and Discussion section. Absorbance was measured using the HP 8450 A diode-array spectrophotometer
and accompanying kinetics software.
Isolation and Reconstitution of apo-CHMO
FAD was dissociated from apoenzyme using the procedure of Donoghue et al. Apoenzyme was reconstituted by
1-minute incubation at 300C with 10 _M FAD.
RESULTS AND DISCUSSION
Effect of Hydrogen Peroxide on CHMO Activity
A normal assay, which follows NADPH consumption at 340 nm as described in the experimental section (from here
on referred to as a normal assay), without CHMO was carried out; then another identical assay with 2.6 mM
H202 was performed. The rates were within one standard deviation of each other, demonstrating that
direct oxidation of NADPH by H202 is not sufficient to result in false rate measurements. For all subsequent
rate measurements and activity assays, this background NADPH decomposition rate (3.2 nM/s) was subtracted.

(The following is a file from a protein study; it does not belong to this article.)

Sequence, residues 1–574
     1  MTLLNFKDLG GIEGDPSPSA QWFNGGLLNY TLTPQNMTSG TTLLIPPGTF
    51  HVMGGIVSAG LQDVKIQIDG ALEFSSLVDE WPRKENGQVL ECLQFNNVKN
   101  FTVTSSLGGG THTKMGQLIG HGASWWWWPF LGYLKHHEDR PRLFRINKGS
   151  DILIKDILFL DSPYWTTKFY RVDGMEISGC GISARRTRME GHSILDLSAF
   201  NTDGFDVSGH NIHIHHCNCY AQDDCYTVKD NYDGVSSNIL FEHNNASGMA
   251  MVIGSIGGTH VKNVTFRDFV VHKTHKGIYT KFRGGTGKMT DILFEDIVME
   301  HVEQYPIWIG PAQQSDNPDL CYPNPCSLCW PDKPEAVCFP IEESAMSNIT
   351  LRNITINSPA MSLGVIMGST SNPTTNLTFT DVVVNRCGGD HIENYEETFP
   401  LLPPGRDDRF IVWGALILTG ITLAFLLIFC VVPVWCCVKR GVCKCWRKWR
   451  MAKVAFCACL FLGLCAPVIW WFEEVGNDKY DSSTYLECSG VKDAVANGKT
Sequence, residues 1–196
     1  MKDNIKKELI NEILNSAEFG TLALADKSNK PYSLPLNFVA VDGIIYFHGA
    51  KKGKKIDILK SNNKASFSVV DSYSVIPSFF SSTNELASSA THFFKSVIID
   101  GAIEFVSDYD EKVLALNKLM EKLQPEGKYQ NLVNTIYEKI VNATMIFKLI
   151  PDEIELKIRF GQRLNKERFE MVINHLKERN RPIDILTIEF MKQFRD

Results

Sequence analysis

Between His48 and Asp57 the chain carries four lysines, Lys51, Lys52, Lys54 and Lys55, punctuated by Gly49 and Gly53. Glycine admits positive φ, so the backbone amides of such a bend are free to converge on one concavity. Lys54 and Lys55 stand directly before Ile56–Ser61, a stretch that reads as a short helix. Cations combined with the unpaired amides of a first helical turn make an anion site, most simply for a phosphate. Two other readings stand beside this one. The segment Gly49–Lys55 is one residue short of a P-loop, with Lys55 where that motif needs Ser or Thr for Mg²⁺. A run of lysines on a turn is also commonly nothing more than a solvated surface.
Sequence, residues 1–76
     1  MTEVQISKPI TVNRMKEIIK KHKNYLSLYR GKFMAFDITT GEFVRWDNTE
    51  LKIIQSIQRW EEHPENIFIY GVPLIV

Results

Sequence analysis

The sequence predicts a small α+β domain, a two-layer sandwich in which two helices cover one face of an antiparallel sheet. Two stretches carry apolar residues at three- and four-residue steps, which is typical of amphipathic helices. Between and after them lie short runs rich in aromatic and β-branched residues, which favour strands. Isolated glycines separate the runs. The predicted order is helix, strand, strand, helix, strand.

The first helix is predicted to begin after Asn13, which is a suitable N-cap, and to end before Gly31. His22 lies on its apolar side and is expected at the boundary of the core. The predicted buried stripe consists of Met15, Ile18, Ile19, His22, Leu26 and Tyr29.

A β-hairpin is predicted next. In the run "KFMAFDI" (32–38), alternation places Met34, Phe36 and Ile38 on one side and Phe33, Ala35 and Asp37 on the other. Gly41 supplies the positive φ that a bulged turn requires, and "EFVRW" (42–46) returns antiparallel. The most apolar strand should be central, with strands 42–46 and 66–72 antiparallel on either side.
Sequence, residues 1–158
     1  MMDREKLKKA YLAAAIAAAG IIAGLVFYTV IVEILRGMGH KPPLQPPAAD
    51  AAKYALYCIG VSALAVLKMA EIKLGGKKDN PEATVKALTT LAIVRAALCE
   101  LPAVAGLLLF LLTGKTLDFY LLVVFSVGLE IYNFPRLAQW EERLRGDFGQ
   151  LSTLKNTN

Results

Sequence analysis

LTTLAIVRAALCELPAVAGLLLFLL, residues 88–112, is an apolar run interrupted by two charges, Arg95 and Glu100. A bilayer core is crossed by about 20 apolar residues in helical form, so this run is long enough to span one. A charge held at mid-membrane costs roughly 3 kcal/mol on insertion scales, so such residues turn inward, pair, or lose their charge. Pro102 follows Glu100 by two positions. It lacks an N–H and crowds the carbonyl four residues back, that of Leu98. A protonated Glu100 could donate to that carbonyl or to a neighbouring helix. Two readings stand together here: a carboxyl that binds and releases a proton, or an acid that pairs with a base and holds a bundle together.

Two cuvettes containing 0.0255 mg/mL CHMO in normal assay buffer were treated as follows. To one was added
2.6 mM H202, and to the control, nothing. Each was incubated 5 min at 300C and then subjected to normal
assay. The NADPH consumption rate of the H202-treated sample was 0.7% of the control. Thus, H202
inactivates CHMO, and this may be the reason that attempts to use it to accomplish monooxygenation by
the alternate mechanism shown in Scheme 2 have failed.
Characterization of H202-Mediated Inactivation of CHMO
To determine whether H202 reacts with CHMO to deactivate it, or acts as or produces an inhibitor, a sample
of 0.0225 g/L CHMO in normal assay buffer was treated with 0.0026 g/L catalase followed by 2.6 mM H202
and incubated 5 min at 300C. A control was treated identically but without H202. The rates of these
samples determined by normal assay were within less than a standard deviation of one another, demonstrating
that catalase, which catalyzes the decomposition of H202, protects CHMO from H202-mediated inactivation.